David Zinman’s recording of Mahler’s Symphony No 4 with the Zürich Tonhalle Orchestra is available on RCA Red Seal 88697 16852-2

THE CLASSIC ACCOUNTS OF SYMPHONY NO 4

Juliane Banse; Staatskapelle Dresden / Giuseppe Sinopoli (Profil PH07047)

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Judith Raskin; Cleveland Orchestra / George Szell (Sony SBK46435)

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(Zinman photo: BMG)


SIR SIMON RATTLE on Symphony No 5

Sir Simon Rattle

The Fifth was almost the last Mahler symphony I came to grips with. I always found it peculiarly difficult. I first heard it when my father went to America in the early 1960s and came back with a copy of Bruno Walter’s really astonishing recording with the New York Philharmonic. It’s the fastest performance you could ever hear and I wasn’t to realise then that Walter had very much his own performing ideas. My first impression when I subsequently heard it live was that it didn’t sound like the same piece at all. At first, as a teenager and a young man, I couldn’t understand why the piece as a whole seemed to keep failing, but that is exactly the point. This is a piece desperately longing for a conclusion and one attempt after another fails. You must hear it through to the end; it was a totally new type of symphony. 

Before my inaugural concert in Berlin I had conducted the symphony quite a lot, but it seemed the ideal piece for that special occasion, in combination with Tom Adès’s Asyla. The two pieces possess similar wildness. The music itself seems to be trying to find a way out of a predicament, and that was something entirely new in the symphonic form. Rather as in Tristan und Isolde, the final reaching of the goal is put off and put off. It’s really in three movements, not five. The opening two movements start with a funeral march, which is interrupted by eruptions of rage and anger. These two movements together represent an attempt to deal with the fact of death, and an attempt to break away from darkness.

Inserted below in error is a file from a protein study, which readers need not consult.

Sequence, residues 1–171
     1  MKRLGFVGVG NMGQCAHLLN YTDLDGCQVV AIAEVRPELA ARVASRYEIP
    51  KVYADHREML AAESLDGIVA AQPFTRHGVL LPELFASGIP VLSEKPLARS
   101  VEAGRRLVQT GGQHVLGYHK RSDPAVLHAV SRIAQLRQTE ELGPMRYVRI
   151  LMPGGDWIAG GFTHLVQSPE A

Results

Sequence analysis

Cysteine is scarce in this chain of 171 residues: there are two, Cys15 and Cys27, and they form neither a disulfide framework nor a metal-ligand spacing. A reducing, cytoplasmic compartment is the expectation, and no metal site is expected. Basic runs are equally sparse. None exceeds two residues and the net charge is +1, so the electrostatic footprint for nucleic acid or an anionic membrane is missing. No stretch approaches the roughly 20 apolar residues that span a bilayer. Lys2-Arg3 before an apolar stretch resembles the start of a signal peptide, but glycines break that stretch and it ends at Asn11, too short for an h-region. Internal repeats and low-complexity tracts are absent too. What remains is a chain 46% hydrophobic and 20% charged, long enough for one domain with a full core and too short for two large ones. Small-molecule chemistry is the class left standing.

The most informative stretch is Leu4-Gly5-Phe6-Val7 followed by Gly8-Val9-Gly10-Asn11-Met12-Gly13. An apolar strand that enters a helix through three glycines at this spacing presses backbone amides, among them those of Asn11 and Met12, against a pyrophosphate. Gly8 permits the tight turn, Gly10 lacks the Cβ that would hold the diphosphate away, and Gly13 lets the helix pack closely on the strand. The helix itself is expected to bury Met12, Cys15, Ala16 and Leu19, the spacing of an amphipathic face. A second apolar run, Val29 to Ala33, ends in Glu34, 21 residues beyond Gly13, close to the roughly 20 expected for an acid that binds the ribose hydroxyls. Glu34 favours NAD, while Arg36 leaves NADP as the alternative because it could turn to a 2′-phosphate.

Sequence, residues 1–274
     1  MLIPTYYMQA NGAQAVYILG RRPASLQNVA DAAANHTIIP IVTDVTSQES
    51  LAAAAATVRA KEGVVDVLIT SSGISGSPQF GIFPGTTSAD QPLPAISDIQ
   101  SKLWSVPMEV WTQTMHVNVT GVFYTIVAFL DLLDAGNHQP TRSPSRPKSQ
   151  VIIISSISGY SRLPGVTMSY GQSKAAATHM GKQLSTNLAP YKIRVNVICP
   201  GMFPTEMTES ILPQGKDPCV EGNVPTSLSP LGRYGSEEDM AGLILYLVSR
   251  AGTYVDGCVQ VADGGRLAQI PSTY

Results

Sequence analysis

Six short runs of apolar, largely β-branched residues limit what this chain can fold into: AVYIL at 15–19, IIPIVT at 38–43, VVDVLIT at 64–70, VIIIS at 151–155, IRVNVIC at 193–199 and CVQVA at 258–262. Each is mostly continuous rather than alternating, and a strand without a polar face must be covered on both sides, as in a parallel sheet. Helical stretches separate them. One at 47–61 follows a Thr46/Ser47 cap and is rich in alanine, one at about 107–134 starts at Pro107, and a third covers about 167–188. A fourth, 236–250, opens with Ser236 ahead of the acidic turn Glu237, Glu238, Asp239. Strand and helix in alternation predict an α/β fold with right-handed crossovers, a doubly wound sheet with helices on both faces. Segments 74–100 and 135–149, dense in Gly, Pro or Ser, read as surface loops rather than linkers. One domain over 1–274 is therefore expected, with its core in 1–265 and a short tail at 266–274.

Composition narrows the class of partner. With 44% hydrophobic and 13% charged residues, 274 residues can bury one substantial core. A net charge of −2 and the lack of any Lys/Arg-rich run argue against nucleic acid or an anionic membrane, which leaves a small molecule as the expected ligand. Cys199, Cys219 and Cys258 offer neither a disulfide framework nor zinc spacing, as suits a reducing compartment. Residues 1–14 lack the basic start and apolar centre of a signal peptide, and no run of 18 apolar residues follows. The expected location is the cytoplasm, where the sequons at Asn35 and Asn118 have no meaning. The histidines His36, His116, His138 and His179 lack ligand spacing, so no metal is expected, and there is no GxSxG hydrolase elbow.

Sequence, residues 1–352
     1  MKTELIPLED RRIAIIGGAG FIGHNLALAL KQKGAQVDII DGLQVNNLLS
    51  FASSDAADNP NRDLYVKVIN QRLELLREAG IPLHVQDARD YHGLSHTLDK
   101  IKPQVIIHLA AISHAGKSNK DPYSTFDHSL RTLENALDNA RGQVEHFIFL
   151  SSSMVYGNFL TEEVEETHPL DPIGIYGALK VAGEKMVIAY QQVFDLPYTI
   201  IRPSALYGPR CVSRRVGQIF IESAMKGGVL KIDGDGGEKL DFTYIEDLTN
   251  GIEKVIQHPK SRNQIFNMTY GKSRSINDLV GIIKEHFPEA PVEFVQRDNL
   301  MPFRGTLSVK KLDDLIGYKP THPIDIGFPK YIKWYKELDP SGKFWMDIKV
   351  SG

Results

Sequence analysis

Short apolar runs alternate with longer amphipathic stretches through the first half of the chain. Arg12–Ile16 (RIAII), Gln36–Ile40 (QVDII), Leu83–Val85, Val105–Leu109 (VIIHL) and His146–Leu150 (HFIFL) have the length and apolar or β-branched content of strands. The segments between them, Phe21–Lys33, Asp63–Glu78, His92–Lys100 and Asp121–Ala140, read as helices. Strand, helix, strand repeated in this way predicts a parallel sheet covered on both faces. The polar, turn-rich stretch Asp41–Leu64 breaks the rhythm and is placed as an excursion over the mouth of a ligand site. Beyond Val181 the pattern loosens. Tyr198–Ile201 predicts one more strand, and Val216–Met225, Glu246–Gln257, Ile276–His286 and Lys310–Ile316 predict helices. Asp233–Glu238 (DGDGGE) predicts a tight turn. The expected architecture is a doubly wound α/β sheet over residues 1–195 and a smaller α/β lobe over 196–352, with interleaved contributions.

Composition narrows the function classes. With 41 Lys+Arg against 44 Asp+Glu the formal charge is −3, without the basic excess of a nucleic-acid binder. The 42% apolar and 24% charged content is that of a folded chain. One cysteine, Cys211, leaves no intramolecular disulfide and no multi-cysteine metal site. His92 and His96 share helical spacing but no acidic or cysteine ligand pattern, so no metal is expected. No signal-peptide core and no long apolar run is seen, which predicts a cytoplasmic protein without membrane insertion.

I am very grateful to have been able to hear Mahler’s piano roll recording of the first movement. You can hear him swinging every rhythm in the Viennese style, which is so different from the German tradition. Of all Mahler’s symphonies, this is the one most rooted in Viennese rhythms. This makes it much tougher to play. You don’t play what you see in the score. You have to play what it means.

The middle movement is really one huge development section. The first horn part in this movement is written as a separate part, for a solo, obbligato horn, so I do believe the player should be placed separately from the horn section. Otherwise the orchestra ends up waiting for the horn. This seems to be something Mahler did and it turns it into a different piece, accentuating the dialogues between the horn and the strings. There is a dangerous, dark side to this movement too, despite all the exuberance, as the Viennese waltz finally loses its innocence. 

By the time I was a teenager, performances of the Adagietto were down to half-tempo. This must be the only time in musical history that a film, Death in Venice, has affected how people perform a piece of classical music. Let’s hope there will soon be a generation that can put Dirk Bogarde out of its mind.

Leonard Bernstein was a great, great Mahler conductor but I do believe he misread Mahler’s intentions in this movement. It’s Mahler’s declaration of love for his wife Alma, sung with words that cannot be written. It is also the basis of the finale, so these two movements also are really one long movement. The themes come back, in different forms and shapes. The finale has its shadows but it’s really the last symphonic movement Mahler wrote where there is complete joy – unalloyed exaltation.